Wilson County Schools, like many districts, struggle to find enough bus drivers

(Photo: WKRN)

WILSON COUNTY, Tenn. (WKRN) – Many school districts not only in the state but across the country are struggling to find enough bus drivers to get students to and from school.

Tuesday is the first day of school for Wilson County, and while there are enough bus drivers for day one, next week will be a different story.

The bus transportation director is asking students and parents to be patient as they look to hire more drivers.

Wilson County bus driver David Knight has been behind the big wheel for decades.

“This is my 50th year this past school year,” Wright said.

Wright told News 2 he loves his job.

“I didn’t know I’ll be driving this long, but I got started and hated to quit,” he said.

With a shortage of bus drivers in Wilson County, the 75-year old found himself doing it all.

“I was a sub-driver, and a full-time driver and a relief driver, so I run two routes a lot of time during the day,” Wright said.

When it comes to riding his bus, there is no non-sense allowed.

“The kids don’t like me much,” he said. “Because I’m strict on my rules. I don’t play about with them.”

Wilson County Schools transportation officials said that’s part of the reason they are having trouble hiring new bus drivers.

“One relatively now pay, and secondly is the lack of discipline on the school buses,” said Transportation Director Jerry Partlow. “The students tend to get out of hand and the drivers become frustrated when dealing with these students.”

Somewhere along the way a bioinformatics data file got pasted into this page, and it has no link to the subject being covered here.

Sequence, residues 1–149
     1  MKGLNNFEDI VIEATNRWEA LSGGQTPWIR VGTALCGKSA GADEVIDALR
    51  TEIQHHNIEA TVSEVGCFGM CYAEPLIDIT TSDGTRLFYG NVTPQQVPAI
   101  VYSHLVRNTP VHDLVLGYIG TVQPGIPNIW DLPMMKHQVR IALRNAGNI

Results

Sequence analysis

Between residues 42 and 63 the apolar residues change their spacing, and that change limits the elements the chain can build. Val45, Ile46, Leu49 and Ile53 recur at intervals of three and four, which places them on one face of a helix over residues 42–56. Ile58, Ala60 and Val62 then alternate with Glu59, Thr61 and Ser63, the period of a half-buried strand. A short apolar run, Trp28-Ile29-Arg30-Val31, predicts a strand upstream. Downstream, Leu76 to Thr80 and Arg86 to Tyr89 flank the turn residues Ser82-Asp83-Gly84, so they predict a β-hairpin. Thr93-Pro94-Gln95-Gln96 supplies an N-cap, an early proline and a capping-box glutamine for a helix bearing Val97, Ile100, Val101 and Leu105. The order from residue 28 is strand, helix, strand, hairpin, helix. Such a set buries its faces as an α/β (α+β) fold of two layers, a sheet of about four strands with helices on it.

The district was able to hire seven new bus drivers.

“We’ll be able to cover all the routes tomorrow,” Partlow said. “Next week might be a different story.”

The district will be using two bus drivers who normal drive for the Tennessee School for the Blind and Genesis Learning Center to cover routes this week.

Wilson County is not alone.

“There is a severe shortage of drivers all across the country,” Partlow said.

Currently Wilson County has 130 bus drivers, ideally they would like to have 140 just in case someone calls out sick.

“I believe you need to have about 10 percent excess to cover people when they are out sick, or they have to take off to take care of a family member, or any other emergency that may occur, such as a death in the family,” the transportation director said.

Transportation officials said it takes a special person to be a bus driver and they wished they had 100 more dedicated drivers Knight.

“All around, it can be a hard job, but it can be a very rewarding job,” Partlow said.

The current pay for a Wilson County School bus driver $13.82 an hour. It’s higher for more experienced drivers.”

Partlow told News 2 a proposal has been made to the school board for a pay increase for bus drivers.

It was endorsed by the director of schools and they school system included it in its budget.

Right now they are waiting on the county commission to approve the funding.

News 2 did some checking around the Mid-State and Maury County Schools said they are fully staffed and ready to go Tuesday and said they continue hiring substitute bus drivers.

Williamson County Schools said they are constantly recruiting bus drivers and still in need of some. They will provide training.

Rutherford County uses contracted bus drivers.

A bus owner told News 2 they too are experiencing a bus driver shortage.

The owner said the incident in Chattanooga did not help with an already stressful environment for both new and current drivers.

Dickson County schools said they are in good shape for opening day, and they too are always recruiting bus drivers.